this link does not work anymore - it sends me back to the home page.
can you re-post it? Thanks!
The link is definitely not working and I would really like to see the answer to the original question, please.
Division words are words that divide eg: day, evening morning and are masculine in French. ...Tomorrow is the day. Day is used to divide a time period. They are all masculine.
Duration words extend for a period of time. eg: day, evening, morning, are duration words and are all feminine in French.
Very confusing, right? Here is how it works.
Tomorrow morning ...le matin. All morning....la matinée
that day ....le jour. hot day ...la journée
If you say you are going for a walk in the morning, you are not segmenting that morning from another. You are describing something that extends for a period of time.
If you say you got here today, you are dividing the day (le jour) from other days that you might have arrived. If you say the day (la journée) was hot when you arrived, you are talking about something with duration.
If you say ...the day (le jour) of the event is Saturday, that is division.It separates the day from other days, even other Saturdays.
If you say the day (la journée) is Saturday, that is duration. It is Saturday all day long.
La journée est calme....describes duration therefore requires that the feminine form be used.
But the thing is, you may very well go for a walk the next morning. You may go for a walk every morning. There is nothing in saying... I am going for a walk in the morning.... that divides the morning from other mornings. What it does say is that you are going to do something in the morning. Something that doesn't necessarily separate it from any other morning. But it will take time to do it. The sentence will contain nothing about dividing it from other mornings when you walk. It will describe something that takes time but does not separate time.
The distinction seems leaky and tenuous. If I am going for a walk in the morning, it will not be the following morning morning that I do so, nor the previous. That seems a division - or delimiter - to me. Language seems somewhat lacking when it comes to capturing this linguistic phenomenon. That is to say, I can find examples that seem to share both characteristics of division and of duration. Thanks for your response northernguy, it has been very helpful. I shall consider and test it further.
It is working now. The relevant comment is at the top of the comments. Because it is the first comment it may not be displayed until you scroll down to the comments.
Iit is an excellent discussion of what is involved.
I read this somewhere:
« le jour » means calendar day/24-hour period/entire day. ("Tomorrow is a new day" "This will be a day to remember" "I'm not working, I have the day off")
« la journée » refers to the figurative day. ("It's been a hard day" "I worked all day")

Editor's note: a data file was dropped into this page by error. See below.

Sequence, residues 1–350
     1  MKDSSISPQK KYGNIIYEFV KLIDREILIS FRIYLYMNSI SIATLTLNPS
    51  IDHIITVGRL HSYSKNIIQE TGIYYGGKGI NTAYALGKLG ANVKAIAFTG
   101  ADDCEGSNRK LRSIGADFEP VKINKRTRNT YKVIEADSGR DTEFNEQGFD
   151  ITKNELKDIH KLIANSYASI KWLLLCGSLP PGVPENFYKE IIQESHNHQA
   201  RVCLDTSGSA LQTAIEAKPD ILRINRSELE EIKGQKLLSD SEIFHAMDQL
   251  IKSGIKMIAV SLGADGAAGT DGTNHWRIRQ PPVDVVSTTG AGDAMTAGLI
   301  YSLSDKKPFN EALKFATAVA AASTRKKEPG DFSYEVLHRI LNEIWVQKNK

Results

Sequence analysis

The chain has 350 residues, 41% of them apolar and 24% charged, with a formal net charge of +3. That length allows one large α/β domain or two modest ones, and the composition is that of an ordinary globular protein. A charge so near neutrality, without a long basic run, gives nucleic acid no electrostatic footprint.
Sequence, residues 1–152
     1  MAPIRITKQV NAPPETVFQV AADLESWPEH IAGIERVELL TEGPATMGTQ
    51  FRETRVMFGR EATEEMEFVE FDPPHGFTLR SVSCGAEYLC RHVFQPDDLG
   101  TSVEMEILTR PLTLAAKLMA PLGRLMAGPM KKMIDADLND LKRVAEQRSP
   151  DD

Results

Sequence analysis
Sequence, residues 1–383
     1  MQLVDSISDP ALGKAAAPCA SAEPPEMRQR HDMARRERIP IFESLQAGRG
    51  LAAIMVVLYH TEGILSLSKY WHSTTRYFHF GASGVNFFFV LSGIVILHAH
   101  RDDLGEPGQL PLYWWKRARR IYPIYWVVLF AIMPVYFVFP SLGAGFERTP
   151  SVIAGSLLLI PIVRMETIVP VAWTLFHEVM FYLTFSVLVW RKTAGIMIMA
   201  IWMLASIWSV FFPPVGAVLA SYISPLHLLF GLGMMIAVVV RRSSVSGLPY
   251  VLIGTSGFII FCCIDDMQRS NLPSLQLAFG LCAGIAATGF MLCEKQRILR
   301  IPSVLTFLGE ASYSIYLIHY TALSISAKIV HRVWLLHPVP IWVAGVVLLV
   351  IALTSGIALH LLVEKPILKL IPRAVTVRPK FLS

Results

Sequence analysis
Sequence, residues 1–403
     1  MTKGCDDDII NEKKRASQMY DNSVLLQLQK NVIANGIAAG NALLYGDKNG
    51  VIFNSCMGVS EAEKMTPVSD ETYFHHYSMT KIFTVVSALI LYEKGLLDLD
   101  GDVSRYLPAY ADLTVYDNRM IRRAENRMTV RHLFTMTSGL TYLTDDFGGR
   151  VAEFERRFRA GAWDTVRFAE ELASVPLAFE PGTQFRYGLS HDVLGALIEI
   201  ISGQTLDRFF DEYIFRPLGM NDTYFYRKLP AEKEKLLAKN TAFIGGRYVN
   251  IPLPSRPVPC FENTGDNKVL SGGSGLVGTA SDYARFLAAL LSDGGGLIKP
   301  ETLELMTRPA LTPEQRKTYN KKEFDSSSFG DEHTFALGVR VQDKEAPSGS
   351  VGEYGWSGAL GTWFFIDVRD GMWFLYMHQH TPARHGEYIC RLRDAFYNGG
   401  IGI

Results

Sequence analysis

"Jour" is used in contexts where the word "day" is a measure word. For example, if you are counting how many days you did a certain activity, you would use the word "jour." On the other hand, "journée" is used in contexts where the word "day" is not a measure word. If you are just "talking about your day" or describing the day itself, you would use "journée." https://www.quora.com/In-the-French-language-what-is-the-difference-between-jour-and-journ%C3%A9e-In-which-situations-are-each-of-them-used
Does "the day is calm" here only mean that the day is relaxed, carefree, etc, or can it also refer to weather, as in "the day is mild"?
This might be a stupid question, but why isn't journee and est combined to journe'est?
Elisions do not apply to nouns, only to articles (e.g. "l'enfant", not "le enfant") and pronouns (e.g. "j'aime", not "je aime").
I was going to write it as "the day is calm" but didn't think it was the most natural translation, opted for "It's a calm day", which I thought better with the same meaning, and it wasn't accepted. Lost my last heart 3 spaces from the end of the skip ahead test. :(
The Duo computer accepts only the word order programmed into it. To make your more natural statement you had to add a word (it) that wasn't in the original.
Sometimes the word order has to be changed when translating to make a more sensible comment in the target language. Occasionally a word has to be added because of grammar considerations. But this is not one of those cases. The programmers did not include your preferred translation as an option.
You can imagine that there are a lot of sentences that one can flip around and say the same thing in a different way. Using the same subject-verb structure will help you avoid these problems.
Depends on what you mean by the word translate. Your sentence means the same thing but you changed the words and grammar in your translation. Not because the literal translation doesn't work in English but because you prefer to use different wording to express the same meaning.
That is ok but not if you are trying to show your ability to translate the actual words given to you.
If journée is used when referring to the period of a day, is the following correct: "La durée de la journée.", "La journée est long et la soirée est jeune."?
the proposed answer: "the day is still" is very strange, "the day is calm" is a better translation.
"The day is still" is not the proposed answer, but it is an accepted answer. The primary translation is simply "the day is calm" as shown at the top of the page.